School projects get nod; Raimondo launches study of funding formula


The Council on Elementary and Secondary Education last week approved school renovation projects through the School Building Authority Capital Fund, while Gov. Gina Raimondo launched a working group to review Rhode Island’s school funding formula.

Last Tuesday, the council unanimously approved the nearly $20 million through the School Building Authority Capital Fund, which was set up by Raimondo in August.

“This is a big deal,” the governor said. “This is the first step to rebuilding our schools. This is money on the streets right away, putting people to work.”

Altogether, the $19,347,079 will benefit 86 renovation projects in 18 school districts across the state. It is expected to benefit 30,000 students and their teachers.

Although 120 applications for projects were received, the 86 chosen were selected on need rather than a first-come, first-served basis.

Projects were ranked based on necessity. The “Priority 1” projects, which were all accepted, dealt with repair applications that would address health and safety concerns, including fire protection, improvements to security, heating and ventilation, as well as lighting retrofits.

The 18 districts receiving funding through the capital fund are Barrington, Bristol Warren, Burrillville, Central Falls, Cranston, East Providence, Foster, Foster-Glocester, Middletown, New Shoreham, North Providence, Pawtucket, Portsmouth, Providence, Tiverton, Woonsocket as well as Beacon and Kingston Hill, both charters.

Cranston Public Schools is receiving a total of $263,160, with $103,200 going to Rhodes Elementary for fire safety upgrades and $159,960 to Edgewood Highlands Elementary for improvements to HVAC.

Warwick did not apply for funding, as it is in the midst of completing several projects according to Anthony Ferrucci, school business affairs director.

Cranston Superintendent Jeannine Nota-Masse is “pleased and grateful” for the funding, and applauded Raimondo and the Department of Education for the plan to help rebuild aging facilities to better serve students.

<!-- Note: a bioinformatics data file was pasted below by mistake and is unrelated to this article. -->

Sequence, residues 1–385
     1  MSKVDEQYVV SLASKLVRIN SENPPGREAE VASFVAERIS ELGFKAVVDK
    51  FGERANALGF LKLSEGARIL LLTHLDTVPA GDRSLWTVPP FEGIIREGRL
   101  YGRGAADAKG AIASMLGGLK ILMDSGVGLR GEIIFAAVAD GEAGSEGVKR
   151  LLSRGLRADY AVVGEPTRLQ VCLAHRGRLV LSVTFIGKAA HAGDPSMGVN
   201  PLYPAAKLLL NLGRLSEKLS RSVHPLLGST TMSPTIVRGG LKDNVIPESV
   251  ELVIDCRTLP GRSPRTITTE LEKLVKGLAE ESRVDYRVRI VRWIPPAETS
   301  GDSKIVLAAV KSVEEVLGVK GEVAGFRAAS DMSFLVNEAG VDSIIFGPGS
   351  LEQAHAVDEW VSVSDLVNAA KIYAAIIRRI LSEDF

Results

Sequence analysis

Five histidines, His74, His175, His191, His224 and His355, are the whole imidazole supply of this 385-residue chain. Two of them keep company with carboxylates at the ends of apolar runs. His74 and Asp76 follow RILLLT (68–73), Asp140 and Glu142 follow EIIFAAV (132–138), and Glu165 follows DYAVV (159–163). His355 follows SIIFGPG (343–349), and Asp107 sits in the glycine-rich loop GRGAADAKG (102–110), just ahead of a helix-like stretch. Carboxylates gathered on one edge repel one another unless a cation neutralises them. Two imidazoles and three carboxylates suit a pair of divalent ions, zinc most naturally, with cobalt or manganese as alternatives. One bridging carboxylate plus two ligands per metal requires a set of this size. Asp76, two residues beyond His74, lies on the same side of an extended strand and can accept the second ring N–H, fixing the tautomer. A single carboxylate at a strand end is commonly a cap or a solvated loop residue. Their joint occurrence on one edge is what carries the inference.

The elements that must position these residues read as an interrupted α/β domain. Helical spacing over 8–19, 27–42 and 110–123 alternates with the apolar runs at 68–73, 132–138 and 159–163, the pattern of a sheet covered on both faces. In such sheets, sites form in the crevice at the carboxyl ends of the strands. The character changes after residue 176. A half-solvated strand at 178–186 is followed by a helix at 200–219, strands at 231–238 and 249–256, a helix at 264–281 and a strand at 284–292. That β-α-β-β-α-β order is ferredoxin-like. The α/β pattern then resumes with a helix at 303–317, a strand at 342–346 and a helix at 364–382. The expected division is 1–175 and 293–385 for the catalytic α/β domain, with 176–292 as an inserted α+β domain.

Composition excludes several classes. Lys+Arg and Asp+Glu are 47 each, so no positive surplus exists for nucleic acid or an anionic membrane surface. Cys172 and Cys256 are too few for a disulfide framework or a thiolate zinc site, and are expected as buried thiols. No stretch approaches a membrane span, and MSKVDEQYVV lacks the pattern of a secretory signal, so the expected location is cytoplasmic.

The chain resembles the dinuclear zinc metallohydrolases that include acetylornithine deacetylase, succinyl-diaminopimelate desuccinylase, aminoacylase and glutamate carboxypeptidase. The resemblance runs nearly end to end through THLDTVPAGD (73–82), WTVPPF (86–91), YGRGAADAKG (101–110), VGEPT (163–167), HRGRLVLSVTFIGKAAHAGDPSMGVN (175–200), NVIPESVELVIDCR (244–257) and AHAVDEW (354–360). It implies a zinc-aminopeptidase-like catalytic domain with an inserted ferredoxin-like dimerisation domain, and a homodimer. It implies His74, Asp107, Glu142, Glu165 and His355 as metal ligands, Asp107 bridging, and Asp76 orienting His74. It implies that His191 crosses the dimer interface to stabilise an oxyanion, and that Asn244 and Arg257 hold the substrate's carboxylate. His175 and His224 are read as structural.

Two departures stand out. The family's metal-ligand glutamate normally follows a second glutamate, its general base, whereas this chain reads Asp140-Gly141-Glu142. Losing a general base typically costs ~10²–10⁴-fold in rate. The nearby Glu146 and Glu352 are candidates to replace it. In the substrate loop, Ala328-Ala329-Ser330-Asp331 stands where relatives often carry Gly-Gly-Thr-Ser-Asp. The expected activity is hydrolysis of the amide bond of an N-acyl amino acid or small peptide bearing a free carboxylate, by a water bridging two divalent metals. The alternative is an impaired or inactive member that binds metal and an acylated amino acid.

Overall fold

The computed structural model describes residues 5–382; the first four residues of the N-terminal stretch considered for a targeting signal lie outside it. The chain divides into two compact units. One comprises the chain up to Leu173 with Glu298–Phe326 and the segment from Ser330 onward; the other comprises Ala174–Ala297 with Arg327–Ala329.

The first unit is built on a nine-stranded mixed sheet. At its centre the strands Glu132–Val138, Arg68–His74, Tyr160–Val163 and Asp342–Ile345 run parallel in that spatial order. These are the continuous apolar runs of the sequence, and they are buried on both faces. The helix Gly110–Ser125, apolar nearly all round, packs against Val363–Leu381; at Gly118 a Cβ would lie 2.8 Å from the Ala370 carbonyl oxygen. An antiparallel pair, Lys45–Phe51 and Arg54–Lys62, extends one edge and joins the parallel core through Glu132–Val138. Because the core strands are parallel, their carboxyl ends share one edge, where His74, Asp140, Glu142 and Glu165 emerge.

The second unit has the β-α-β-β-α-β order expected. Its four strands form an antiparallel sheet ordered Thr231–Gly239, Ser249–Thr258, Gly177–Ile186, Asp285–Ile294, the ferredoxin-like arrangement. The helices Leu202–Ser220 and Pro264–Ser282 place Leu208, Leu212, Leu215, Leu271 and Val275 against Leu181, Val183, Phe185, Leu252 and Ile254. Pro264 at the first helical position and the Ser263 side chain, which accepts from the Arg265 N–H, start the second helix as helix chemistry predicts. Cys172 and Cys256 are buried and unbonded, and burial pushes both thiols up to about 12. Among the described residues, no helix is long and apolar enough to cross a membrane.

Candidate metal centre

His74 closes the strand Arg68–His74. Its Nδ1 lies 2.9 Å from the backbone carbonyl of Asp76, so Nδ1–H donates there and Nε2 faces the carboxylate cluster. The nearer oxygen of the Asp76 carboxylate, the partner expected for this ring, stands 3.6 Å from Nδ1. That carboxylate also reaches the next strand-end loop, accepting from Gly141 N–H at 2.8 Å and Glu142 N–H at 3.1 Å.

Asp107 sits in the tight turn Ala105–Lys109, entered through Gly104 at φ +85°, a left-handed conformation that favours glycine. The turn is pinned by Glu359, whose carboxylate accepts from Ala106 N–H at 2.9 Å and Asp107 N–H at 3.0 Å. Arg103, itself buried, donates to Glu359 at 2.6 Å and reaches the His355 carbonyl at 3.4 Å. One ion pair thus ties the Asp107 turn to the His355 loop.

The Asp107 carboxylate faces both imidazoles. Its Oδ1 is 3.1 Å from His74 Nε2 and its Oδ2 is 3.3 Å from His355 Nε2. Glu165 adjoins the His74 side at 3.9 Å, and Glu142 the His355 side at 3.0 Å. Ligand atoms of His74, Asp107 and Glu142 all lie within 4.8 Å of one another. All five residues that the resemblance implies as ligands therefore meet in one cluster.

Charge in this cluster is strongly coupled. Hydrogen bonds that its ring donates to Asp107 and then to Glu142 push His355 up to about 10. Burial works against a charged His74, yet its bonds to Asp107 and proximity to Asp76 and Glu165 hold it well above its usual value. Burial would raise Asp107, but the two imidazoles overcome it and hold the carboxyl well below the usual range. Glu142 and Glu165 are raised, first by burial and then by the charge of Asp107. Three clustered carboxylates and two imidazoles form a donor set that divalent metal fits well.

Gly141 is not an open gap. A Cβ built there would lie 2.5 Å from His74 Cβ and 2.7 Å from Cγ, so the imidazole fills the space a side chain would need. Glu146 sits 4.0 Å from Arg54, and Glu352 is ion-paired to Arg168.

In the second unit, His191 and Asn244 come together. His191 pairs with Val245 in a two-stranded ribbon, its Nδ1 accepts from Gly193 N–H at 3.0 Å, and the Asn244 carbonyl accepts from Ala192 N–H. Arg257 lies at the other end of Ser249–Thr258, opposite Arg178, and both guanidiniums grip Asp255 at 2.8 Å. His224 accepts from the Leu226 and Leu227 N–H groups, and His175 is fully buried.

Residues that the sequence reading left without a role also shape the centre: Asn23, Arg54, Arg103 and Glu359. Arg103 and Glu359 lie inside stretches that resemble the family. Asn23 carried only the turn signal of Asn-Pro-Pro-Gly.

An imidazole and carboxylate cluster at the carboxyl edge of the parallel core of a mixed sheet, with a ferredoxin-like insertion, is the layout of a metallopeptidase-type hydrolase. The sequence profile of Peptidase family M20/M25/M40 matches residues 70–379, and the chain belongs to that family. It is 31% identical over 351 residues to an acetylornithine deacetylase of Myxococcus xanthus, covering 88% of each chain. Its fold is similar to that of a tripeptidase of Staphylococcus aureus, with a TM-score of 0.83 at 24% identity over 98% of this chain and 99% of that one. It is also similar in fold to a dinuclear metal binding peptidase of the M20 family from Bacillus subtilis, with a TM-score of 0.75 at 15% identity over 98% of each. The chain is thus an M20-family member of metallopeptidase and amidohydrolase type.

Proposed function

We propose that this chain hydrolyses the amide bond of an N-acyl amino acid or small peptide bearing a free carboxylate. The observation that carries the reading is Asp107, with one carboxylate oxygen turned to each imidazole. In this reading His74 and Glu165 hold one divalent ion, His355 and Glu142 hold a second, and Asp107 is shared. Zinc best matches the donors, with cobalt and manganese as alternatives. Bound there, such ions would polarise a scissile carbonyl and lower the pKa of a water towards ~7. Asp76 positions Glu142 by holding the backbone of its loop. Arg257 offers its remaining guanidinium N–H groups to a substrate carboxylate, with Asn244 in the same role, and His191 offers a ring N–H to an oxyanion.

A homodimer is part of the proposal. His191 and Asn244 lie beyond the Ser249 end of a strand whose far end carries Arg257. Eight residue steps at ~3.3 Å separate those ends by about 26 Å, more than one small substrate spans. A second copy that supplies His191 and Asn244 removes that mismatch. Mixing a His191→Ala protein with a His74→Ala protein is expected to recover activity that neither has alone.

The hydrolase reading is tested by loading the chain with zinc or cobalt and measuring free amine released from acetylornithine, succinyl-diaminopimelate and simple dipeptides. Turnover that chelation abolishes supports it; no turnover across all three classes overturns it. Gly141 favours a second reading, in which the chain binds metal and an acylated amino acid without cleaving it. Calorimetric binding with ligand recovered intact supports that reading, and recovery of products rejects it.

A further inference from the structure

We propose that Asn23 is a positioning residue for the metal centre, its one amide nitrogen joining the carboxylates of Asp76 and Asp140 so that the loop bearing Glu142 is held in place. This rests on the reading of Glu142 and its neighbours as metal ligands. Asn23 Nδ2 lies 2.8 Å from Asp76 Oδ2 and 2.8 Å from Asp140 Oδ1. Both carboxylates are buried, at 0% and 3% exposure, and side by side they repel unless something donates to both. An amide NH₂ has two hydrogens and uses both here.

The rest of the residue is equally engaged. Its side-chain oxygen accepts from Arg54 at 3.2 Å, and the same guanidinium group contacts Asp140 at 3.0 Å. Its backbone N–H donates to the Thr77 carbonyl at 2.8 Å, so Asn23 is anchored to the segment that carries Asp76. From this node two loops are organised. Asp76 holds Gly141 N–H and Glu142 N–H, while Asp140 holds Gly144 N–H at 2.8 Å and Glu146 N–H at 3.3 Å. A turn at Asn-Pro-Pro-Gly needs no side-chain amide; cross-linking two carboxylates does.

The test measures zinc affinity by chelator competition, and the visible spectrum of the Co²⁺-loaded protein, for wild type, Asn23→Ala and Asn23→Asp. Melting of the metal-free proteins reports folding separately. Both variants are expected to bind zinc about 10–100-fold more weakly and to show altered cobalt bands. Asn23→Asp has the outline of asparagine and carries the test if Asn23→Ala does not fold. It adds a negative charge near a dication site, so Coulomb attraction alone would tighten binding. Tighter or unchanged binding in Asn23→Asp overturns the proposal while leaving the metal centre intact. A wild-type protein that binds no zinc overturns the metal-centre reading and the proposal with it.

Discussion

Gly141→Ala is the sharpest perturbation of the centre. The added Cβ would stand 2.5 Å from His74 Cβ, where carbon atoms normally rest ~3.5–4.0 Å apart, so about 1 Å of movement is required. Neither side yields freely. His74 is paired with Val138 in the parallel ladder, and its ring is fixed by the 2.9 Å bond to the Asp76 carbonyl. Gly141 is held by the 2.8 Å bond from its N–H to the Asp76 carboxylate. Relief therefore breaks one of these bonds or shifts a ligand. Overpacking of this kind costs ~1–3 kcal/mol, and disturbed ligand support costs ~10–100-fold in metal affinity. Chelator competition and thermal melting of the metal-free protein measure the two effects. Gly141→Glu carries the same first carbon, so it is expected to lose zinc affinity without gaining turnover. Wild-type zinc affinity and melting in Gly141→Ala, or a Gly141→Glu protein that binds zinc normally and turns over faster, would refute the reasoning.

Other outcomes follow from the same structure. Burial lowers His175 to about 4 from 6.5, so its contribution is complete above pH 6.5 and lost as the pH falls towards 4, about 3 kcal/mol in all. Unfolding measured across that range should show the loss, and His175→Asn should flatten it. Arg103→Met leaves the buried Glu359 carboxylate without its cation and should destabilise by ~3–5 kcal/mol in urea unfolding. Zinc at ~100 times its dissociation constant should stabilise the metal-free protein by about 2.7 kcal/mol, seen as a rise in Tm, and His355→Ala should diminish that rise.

“Here in Cranston, most of our projects are still health and safety concerns. At this point, we don’t have any cosmetic projects,” she said.

Raimondo said it is unacceptable for students go into schools with “paint peeling off the walls and ceilings falling down.” She said improving schools will not only help students know the community is invested in their education, but also create jobs in the construction industry.

“These projects will put people to work, and provide safer, healthier, better learning environments for about 30,000 students and their teachers,” Raimondo said.

“For so many Rhode Islanders, success starts in the classroom, and it is our priority to make those classrooms places where learning comes alive for kids,” Commissioner of Elementary and Secondary Education Ken Wagner said.

“These projects say to our students and our teachers, ‘We care about you, and we care about your education.’ With the approval of and funding for these construction projects, we have put school renovation and repair on a fast track,” said Barbara S. Cottam, chair of the Board of Education.

Last Thursday, Raimondo announced that the state’s school funding formula, which was signed into law five years ago, would undergo review. She appointed a working group to do so, which will host public meetings across Rhode Island and present its initial findings and recommendations by Jan. 1, 2016.

The working group, which will be co-chaired by Elizabeth Burke Bryant, executive director of KIDS COUNT, and Donald Sweitzer, chairman of IGT Corporation and Senior Public Affairs, includes leaders in education, legislation and business from across the state.

Currently, the education funding formula bases its financial aid to public schools based on student enrollment, student poverty level and community wealth. Although Raimondo said the state has a strong formula – one used as a model for other states – she wants the working group to explore the fairness of funding, whether or not it factors in the “unique” needs of each school and district, and what can be done to better outcomes across the board.

Burke Bryant said in a statement: “We need to be sure we are using education dollars wisely to ensure positive outcomes because our kids are depending on us.”

Similarly, Sweitzer said: “We need to do all we can to ensure our education system is strong enough to prepare our students for college and for the jobs of the 21st century.”

Raimondo said: “With this working group, we will begin to shift our conversation away from school budget line items and toward school investment. We need to shift our focus to our schools, the front lines, where the magic happens.”


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